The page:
Cardiac resynchronization therapy can have long-lasting benefits for patients with mild heart disease, including shrinking an enlarged heart, according to results of a long-term study presented in Munich, Germany, on Monday.

Called the REVERSE (Resynchronization Reverses Remodeling in Systolic Left Ventricular Dysfunction) trial, five years of data from 610 patients showed that Medtronic's cardiac resynchronization therapy devices also show low mortality and hospitalization rates over five years after implant.

Medtronic said Monday that the REVERSE trial is the first -- and longest -- study of its kind to show that cardiac resynchronization therapy structurally changes the heart in patients with mild disease, as well as having enduring, long-term positive effects. The results were presented at the European Society of Cardiology's ESC Congress 2012 in Munich.

"These findings show, for the first time, the overall magnitude of the long-lasting, lifesaving benefits of CRT in a mildly symptomatic patient population," said Dr. Cecilia Linde of Karolinska University Hospital in Stockholm. "This noteworthy data adds to the growing body of evidence further validating the clinical benefits of early intervention with CRT and confirms the sustaining benefit that patients can continue to receive over a five-year time span."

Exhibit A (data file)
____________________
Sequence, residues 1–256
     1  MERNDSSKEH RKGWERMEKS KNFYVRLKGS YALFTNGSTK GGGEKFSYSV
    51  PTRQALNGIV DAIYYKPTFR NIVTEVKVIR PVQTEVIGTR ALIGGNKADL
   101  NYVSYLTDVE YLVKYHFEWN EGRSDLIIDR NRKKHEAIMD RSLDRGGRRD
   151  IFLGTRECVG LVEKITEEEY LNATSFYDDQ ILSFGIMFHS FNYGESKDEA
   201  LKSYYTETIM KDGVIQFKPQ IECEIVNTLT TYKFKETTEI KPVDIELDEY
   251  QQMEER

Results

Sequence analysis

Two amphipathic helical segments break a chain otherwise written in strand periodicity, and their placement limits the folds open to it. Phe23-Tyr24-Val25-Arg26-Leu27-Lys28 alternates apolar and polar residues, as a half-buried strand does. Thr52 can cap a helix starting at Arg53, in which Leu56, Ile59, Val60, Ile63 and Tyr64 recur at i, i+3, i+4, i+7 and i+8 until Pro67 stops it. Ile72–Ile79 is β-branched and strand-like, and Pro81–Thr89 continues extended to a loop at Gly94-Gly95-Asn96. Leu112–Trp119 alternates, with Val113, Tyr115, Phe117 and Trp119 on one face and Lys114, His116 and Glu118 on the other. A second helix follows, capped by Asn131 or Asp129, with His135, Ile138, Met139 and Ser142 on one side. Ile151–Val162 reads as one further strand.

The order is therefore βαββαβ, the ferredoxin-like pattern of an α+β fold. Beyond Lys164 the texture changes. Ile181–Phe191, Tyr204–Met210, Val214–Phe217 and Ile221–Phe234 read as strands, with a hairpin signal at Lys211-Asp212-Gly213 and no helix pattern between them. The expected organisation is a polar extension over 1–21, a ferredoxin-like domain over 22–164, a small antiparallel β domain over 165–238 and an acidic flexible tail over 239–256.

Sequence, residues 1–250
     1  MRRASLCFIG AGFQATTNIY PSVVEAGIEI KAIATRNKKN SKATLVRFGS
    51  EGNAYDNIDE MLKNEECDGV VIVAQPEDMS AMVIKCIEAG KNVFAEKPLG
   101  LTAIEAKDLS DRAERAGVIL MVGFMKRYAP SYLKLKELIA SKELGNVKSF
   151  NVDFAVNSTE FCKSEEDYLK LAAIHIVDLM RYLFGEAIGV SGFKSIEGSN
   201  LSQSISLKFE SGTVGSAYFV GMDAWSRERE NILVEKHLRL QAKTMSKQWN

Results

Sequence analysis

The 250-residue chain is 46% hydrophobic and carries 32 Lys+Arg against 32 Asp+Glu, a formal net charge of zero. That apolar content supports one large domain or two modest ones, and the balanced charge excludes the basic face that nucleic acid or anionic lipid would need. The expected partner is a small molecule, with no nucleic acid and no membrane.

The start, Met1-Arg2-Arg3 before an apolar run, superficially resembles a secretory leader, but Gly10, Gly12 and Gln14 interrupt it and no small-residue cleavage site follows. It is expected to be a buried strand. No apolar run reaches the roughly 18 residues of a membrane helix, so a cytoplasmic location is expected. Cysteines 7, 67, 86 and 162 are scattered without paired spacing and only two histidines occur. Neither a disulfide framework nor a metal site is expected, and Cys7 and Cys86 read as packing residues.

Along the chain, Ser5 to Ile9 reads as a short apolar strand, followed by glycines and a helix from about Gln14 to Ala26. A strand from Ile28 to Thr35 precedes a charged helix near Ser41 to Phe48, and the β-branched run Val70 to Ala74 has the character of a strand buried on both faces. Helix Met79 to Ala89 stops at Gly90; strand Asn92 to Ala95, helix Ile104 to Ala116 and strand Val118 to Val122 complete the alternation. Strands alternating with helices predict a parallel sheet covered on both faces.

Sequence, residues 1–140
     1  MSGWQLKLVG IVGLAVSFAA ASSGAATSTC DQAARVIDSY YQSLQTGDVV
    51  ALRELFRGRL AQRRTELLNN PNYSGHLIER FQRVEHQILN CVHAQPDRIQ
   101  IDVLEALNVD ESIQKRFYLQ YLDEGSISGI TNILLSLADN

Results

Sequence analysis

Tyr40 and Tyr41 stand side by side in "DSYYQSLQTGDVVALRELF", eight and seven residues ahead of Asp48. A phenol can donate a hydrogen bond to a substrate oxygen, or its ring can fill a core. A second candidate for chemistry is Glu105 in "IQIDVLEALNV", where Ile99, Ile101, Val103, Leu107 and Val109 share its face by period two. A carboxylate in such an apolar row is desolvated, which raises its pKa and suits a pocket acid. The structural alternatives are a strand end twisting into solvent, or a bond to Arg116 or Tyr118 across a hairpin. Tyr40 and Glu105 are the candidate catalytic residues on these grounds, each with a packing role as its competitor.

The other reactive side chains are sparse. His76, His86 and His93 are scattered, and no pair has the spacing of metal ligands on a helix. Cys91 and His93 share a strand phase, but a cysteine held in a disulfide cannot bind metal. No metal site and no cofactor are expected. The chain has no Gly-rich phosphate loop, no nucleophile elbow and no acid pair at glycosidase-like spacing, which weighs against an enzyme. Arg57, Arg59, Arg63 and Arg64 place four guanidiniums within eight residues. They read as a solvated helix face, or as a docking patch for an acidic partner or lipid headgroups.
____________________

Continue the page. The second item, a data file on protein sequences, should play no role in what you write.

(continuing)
Medtronic said its data show that device therapy actually slows the progression of heart disease in patients with mildly symptomatic heart failure for at least five years following implant.

Heart failure patients suffer from enlarged hearts. In the Medtronic study, CRT therapy was shown to reverse this enlargement and even reverse it over time. In REVERSE, the change was greatest within the first two years of therapy and was sustained afterward.

"The REVERSE trial continues to provide the medical community with valuable, real-world insight on the benefits of CRT in providing optimal treatment to patients with early-stage heart failure," said Dr. David Steinhaus, Medtronic vice president and medical director for the Fridley-based company's Cardiac Rhythm Disease Management business.

"We are committed to providing physicians with the most advanced medical devices -- backed by strong clinical data -- to treat heart failure patients across the continuum of care, whether in the earliest or most severe stages of disease."

Medtronic said its study also demonstrates that CRT is cost-effective for patients with mild disease, showing lower treatment costs than for patients with other serious chronic conditions.

Sudden cardiac arrest accounts for more than 60 percent of deaths among patients with mild-to-moderate heart failure, Medtronic said. However, research suggests that earlier intervention with cardiac resynchronization therapy with defibrillation (CRT-D) can decrease the risk of death for people with mild symptoms.

CRT-D therapy works by resynchronizing the contractions of both ventricles by sending tiny electrical impulses to the heart muscles. Those impulses improve the heart's blood-pumping ability. If the heart stops, the device's defibrillation capability can deliver a lifesaving shock.

Senior analyst Thomas Gunderson of Piper Jaffray said Monday that the Medtronic study is not expected to have an impact on the company's fortunes, but does reinforce data from earlier studies.

James Walsh • 612-673-7428